Rosalyn, I’ve never had poutine, but I think from people’s descriptions that when this cheese is fresh, it’s quite similar. Once it sits (even a few hours), the curds become much softer, more like standard cottage cheese.

  2. says

    Glad you mentioned you’ve never pasteurized at the end. It’s been years since I’ve made cottage cheese but the book I used ( which I don’t have anymore because a friend borrowed it, and loaned it out and lost it ) didn’t call for pasteurizing, just use raw milk. It worked well every time.

  3. says

    I’m a big fan of Ricki Carroll’s books and kits – still trying to make the 30 minute mozz, but even the milks not marked UHT or Ultra-Pasteurized are letting me down. Any ideas?

    • says

      I think almost all dairy is now UHT now, even when it’s not marked. You could double check with the milk producer to be sure. I’ve only made it with raw milk, and that’s almost a no-brainer. If you can find a smaller, local brand in glass bottles – by us we have Lamers Dairy – they tend to be the only ones who still use the lower temp pasteurization anymore. UHT is faster. There’s a bottled organic brand that is low temp pasteurized, too. I think Kaloma may be low temp, if you can find that in your area.

  4. Tammy Rodriguez says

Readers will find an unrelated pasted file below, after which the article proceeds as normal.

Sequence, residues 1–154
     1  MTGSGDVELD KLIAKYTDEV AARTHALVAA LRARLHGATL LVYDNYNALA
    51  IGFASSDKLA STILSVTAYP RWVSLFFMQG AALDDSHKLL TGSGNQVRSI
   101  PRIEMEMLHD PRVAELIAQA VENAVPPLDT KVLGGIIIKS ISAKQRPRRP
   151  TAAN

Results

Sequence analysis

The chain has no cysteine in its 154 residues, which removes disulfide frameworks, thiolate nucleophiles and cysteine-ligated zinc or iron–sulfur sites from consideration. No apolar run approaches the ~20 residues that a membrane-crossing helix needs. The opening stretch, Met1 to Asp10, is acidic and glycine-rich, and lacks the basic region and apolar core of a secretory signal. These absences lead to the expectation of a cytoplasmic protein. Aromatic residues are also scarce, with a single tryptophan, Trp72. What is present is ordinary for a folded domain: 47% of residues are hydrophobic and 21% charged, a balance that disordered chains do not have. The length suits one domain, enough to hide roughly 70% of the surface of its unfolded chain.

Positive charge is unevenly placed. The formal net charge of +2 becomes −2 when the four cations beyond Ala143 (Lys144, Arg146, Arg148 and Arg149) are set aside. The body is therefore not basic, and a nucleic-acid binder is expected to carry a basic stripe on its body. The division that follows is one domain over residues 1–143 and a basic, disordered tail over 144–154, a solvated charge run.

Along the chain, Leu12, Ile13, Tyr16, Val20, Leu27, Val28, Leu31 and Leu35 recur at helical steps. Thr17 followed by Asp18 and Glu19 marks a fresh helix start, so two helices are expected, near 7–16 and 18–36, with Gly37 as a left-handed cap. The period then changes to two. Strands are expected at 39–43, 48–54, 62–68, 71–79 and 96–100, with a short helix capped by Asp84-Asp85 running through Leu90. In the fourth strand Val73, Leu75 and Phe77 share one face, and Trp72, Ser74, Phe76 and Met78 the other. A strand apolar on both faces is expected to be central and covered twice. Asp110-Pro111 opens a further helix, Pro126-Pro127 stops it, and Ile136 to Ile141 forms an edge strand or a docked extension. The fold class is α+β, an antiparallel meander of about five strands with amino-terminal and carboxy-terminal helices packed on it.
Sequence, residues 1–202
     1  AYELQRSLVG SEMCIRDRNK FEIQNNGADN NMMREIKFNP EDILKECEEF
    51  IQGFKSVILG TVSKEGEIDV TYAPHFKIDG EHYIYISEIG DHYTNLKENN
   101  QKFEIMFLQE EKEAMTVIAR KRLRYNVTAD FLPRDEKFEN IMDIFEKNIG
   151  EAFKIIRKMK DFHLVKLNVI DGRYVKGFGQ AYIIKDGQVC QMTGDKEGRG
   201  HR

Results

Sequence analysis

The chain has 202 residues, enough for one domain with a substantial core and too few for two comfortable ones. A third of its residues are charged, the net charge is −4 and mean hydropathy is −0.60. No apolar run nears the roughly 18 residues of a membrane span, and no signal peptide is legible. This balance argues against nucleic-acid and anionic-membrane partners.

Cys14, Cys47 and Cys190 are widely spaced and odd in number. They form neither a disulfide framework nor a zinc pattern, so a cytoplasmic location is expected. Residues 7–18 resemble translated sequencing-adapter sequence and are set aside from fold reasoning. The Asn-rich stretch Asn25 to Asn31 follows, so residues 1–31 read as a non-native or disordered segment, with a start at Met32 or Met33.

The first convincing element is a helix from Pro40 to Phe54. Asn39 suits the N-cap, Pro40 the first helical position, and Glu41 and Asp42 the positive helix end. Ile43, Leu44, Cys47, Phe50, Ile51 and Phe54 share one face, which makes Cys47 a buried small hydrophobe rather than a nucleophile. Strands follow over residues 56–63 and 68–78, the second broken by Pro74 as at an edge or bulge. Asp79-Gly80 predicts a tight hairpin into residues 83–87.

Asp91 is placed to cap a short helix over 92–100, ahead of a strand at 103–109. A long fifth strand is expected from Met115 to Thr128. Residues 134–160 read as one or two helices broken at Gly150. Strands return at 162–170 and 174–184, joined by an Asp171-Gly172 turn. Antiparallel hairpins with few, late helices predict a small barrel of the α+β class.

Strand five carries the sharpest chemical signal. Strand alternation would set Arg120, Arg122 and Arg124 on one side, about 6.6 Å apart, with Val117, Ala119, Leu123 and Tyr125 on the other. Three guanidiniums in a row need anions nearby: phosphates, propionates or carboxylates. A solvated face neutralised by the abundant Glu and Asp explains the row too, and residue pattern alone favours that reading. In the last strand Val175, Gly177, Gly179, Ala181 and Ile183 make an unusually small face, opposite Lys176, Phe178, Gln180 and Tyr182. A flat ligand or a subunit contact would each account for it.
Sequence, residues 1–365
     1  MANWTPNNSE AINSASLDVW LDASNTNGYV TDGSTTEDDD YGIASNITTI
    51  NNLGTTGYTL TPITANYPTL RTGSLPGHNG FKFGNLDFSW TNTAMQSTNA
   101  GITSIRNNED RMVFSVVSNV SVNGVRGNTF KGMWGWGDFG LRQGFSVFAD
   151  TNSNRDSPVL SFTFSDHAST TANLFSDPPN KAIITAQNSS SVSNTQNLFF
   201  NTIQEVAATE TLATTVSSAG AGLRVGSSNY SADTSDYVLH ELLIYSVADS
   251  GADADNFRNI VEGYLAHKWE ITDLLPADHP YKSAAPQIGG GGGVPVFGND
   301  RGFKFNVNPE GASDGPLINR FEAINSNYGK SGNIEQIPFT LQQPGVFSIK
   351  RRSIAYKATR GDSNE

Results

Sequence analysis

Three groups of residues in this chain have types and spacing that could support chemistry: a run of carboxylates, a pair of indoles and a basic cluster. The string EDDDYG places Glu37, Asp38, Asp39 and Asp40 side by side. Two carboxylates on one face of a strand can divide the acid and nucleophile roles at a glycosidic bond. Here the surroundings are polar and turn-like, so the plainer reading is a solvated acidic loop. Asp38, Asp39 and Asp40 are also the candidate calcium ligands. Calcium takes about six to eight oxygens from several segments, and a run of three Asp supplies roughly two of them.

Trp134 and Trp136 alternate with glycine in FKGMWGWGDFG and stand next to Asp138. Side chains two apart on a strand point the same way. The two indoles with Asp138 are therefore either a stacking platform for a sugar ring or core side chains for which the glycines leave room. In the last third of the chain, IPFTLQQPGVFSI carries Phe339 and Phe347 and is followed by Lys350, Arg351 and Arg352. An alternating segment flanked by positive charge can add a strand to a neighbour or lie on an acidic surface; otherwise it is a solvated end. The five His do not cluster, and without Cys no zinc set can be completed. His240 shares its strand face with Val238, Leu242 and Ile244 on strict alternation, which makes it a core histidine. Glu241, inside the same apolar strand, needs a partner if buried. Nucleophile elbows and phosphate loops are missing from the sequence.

i made ricotta from the whey.. but there is still whey left after you made the ricotta.. what to do with the leftover ..leftover whey??

    • says

      What do I do? Wellll….I usually pitch it, because my fridge is busting at the seems and I’ve got no room to stash it. I tried to water plants with it, and some critter came and dug up my flower bed looking for the cheese. You can use it in soups and stews, in smoothies, feed it to critters, or drink it straight or with flavoring.

      • deborah says

        Whey is also good if you make fermented vegetables. Most recipes call for about a tablespoon to kick start the fermentation process.

  5. Carolyn says

    I used to have a recipe for whey bread, but can’t find it now. I’m sure it could be googled. All the pets I’ve ever had love it, when it results from renneted cheese, not so much from the lemon juice/vinegar cheese though.